"this" remains a reserved word in all function declaration forms that refers to the implicit this parameter. It can not be used as the identifier in any declaration.

Pros and Cons for Each Proposal

this| Pros

It makes the implicit this parameter explicit.
Normal lexical scoping rules apply to "this".
It is similar to Python and perhaps other functional OO languages.
It allows arbitrary deep access to the implicit this parameter of outer functions.
It  takes a lexically scoped functional view rather than a OO view of methods.

this| Cons
It requires a new function declaration form.
The meaning of "this" will be different in functions declared using various forms.
Most methods only need the inner implicit this, yet they are forced to choose between:
   function() {}
   #(this|){}   //net saving only 4 chars.
Self-calls are no longer lexically explicit, you have to look at the function header to recognize one
Refactoring hazard when moving statements containing self-calls between methods.
It  is a solution that is more general than is needed to address the primary use cases at issue.
It remove "the this object" from the vocabulary for talking about  methods. What is the new terminology for the implicit method parameters?
It  takes a lexically scoped functional view rather than a OO view of methods.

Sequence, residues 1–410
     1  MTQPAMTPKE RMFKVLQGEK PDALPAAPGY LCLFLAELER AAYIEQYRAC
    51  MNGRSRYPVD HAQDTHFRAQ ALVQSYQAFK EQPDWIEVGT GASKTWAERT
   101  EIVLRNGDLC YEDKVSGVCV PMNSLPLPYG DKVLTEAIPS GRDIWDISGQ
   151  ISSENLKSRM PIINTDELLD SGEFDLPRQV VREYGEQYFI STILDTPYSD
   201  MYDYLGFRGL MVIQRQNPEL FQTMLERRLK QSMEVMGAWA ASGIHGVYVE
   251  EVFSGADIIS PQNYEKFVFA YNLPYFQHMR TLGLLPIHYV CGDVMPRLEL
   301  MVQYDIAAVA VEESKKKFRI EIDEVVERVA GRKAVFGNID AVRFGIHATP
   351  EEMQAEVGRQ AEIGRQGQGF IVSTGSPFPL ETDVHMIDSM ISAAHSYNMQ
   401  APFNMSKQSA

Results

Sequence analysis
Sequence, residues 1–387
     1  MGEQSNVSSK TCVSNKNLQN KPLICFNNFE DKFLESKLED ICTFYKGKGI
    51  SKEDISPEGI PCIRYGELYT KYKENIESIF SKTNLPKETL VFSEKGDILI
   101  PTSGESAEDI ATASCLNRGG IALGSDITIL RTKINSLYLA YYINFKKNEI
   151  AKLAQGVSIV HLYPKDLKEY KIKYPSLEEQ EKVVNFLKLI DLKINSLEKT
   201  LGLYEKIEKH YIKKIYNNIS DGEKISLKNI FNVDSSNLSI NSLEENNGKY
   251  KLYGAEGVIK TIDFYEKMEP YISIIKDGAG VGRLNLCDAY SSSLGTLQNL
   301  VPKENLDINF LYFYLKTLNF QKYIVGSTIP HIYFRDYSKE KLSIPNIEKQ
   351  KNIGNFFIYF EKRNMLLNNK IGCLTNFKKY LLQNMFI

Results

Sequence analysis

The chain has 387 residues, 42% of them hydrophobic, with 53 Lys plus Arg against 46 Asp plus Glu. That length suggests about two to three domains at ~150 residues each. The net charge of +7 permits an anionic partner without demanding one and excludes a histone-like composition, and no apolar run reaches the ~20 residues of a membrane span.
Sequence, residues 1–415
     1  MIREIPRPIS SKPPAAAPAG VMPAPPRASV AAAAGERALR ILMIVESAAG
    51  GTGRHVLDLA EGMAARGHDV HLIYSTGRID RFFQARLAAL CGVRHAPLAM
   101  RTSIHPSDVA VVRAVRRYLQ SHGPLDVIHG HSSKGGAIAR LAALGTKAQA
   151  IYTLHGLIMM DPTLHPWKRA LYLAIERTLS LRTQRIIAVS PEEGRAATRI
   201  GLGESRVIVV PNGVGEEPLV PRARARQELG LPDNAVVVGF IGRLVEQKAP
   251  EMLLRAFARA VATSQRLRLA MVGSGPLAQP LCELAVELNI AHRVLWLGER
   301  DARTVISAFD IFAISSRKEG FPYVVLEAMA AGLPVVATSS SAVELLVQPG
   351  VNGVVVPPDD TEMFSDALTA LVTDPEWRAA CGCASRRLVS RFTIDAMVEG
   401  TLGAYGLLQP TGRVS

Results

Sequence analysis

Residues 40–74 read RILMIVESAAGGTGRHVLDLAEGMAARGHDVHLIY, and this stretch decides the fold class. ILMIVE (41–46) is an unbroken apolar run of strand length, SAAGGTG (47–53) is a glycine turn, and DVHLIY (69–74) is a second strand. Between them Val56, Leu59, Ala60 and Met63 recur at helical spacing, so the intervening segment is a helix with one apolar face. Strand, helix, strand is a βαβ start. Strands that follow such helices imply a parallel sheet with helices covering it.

^this Pros
It doesn't change anything about existing conventions for the implicit "this" parameter or "this" references.
It works equally well with both new and legacy function declaration forms
It address the primary use cases for outer this access without adding seldom needed generality
Consistency: "this" always means "this"; self-calls are always lexically explicit
It takes a classic OO view of methods .

^this Cons
Overloads "^" character; maintaining backwards compat with expressions like foo^this.bits would require parsing hackery.
May need to use "#this", "@this", or "#^this" instead.
It doesn't handle more than one level of function nesting.
It isn't like Python
It preserves the common OO language convention of implicitly naming the "receiver" parameter
It takes a classic OO view of methods.


I'll leave it to reader to weigh the above pros and cons.  But I do have a closing statement:

There is a decades long disagreement among designers/users of function and object-oriented languages.  OO proponents think there is something special about the "receiver" of a method call and that "self-calls" have special significance. This perspective pervasively colors OO software designs. Functional proponents (and while I'm happy to represent OO people,  I'm reluctant to put specific words into the broad group of  functional people) seem to view objects/methods as simply one of many abstractions than can be constructed out of higher-order functions.  They see little that is "special" about OO conventions and don't generally apply   OO software design techniques. 

JavaScript up to this point seems to have done a pretty good job of balancing the OO and functional perspective within the language. However, I think removing the specialness of "this" and the implicit this parameter may be a step too far that breaks that balance.